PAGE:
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How is Microscopic Polyangiitis Diagnosed?

written by: Robyn Broyles • edited by: Leigh A. Zaykoski • updated: 12/28/2009

How is microscopic polyangiitis diagnosed? This disease is rare, so a specific combination of clinical findings is usually needed to lead doctors to suspect this autoimmune disorder. Find out why diagnosis of microscopic polyangiitis is often challenging.

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    Overview

    Microscopic polyangiitis (MPA) is an autoimmune disorder. It is a form of vasculitis (inflammation of the blood vessels) that affects only the smallest blood vessels and causes cell death in the affected vessels. The disease is systemic, meaning it may affect any organ with microscopic blood vessels, but the kidneys and lungs are especially susceptible. It is associated with glomerulonephritis (inflammation of the kidneys' small vessels) and alveolar hemorrhage (bleeding from the alveoli, small round tissues in the lungs that are the site of oxygen exchange).

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    What are the Symptoms?

    The most common and serious symptoms of the disease are the following:

    • Kidney involvement (in up to 90% of patients)
    • Alveolar hemorrhage, leading to buildup of scar tissue in the lungs

    Other signs and symptoms that may be present include the following:

    • Nonspecific gastrointestinal symptoms
    • Damage to the peripheral nerves (mononeuritis multiplex), which may cause numbness, muscle weakness, or pain
    • Inflammation of the whites of the eyes (sclera)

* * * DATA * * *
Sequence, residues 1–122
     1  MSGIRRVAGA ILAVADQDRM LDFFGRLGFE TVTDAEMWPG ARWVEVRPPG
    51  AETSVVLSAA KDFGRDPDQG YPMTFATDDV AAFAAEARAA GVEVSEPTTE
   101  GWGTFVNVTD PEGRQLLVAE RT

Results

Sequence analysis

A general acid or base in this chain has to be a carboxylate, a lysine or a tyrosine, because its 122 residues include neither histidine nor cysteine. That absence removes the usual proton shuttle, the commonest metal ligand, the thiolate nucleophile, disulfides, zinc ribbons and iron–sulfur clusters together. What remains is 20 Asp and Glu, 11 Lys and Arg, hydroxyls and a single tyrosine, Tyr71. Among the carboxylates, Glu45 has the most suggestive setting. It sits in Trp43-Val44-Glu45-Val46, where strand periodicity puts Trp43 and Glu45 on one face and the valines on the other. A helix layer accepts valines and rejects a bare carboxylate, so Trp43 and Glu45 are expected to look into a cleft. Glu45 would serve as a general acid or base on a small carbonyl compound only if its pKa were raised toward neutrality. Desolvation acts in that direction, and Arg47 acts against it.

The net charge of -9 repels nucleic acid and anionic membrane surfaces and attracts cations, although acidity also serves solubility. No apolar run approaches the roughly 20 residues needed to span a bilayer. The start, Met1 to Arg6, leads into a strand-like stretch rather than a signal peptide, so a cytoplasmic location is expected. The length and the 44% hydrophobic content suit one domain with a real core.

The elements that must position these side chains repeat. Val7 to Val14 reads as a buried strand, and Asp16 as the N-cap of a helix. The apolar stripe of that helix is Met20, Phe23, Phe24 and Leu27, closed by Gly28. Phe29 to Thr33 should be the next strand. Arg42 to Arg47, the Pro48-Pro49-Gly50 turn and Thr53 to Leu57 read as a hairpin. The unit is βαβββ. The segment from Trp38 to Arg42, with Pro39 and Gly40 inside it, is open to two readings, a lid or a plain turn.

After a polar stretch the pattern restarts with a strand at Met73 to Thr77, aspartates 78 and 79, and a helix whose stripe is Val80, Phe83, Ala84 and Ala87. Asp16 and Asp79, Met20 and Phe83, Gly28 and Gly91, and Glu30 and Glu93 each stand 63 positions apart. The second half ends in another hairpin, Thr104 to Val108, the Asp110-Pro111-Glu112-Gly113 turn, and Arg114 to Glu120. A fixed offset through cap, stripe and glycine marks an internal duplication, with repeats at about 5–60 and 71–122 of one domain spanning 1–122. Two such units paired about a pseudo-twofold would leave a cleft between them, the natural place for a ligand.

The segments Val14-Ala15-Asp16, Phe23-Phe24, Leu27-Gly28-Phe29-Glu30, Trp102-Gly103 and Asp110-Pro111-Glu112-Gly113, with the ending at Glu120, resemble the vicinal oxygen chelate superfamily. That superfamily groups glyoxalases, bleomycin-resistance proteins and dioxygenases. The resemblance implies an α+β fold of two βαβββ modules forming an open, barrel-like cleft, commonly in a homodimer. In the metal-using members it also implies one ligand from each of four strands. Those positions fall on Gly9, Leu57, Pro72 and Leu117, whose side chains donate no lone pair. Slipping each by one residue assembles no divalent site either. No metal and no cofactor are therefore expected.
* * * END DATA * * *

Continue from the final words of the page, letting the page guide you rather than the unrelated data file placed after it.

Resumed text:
• Red or purple rash (about 1/3 of patients)
    • Nail bed damage and/or tiny vertical lines under the nails (splinter hemorrhages).
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    How is Microscopic Polyangiitis Diagnosed?

    Diagnosis is based on clinical signs and symptoms and the results of laboratory tests, including tests for C-reactive protein and ANCA. Once microscopic polyangiitis is suspected, confirming the diagnosis is relatively simple, requiring only a biopsy. However, getting to the point of testing for the disease may involve a long process of differential diagnosis because it is a rare condition and therefore not one of the first diseases suspected in a patient with symptoms. Lung and kidney biopsies are serious procedures that may lead to complications, so doctors only order them if the need is clear.

    The combination of symptoms is the best clue for diagnosis of microscopic polyangiitis. Neuropathy, scleritis, and fingernail problems combined with kidney and lung dysfunction are strong indicators of microscopic polyangiitis.

    Tests that can aid in diagnosis include chest x-rays and bronchoscopy to check for alveolar hemorrhages, routine blood tests that can indicate increased activity of the immune system and kidney dysfunction, and urinalysis to check for blood or protein in the urine, which are common signs of kidney problems. A type of test called an ELISA test for the antibody ANCA provides important clues because ANCA is present in at least 60% of cases.

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    Similar Disorders

    MPA is called a pauci-immune disorder because hypersensitivity of the immune system is not present; instead, it is associated with an IgG antibody called anti-neutrophil cytoplasmic antibody (ANCA). This disorder is rare but serious. Other forms of vasculitis, particularly polyarteritis nodosa, can have similar symptoms and must be excluded during differential diagnosis. Only MPA causes glomerulonephritis and alveolar hemorrhage, and it affects only the tiniest blood vessels, unlike polyarteritis nodosa, which affects medium-sized vessels. Also, the type of immune system involvement differs between the two diseases.

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    Reference

    "Microscopic Polyangiitis." Merck Manual of Diagnosis and Therapy.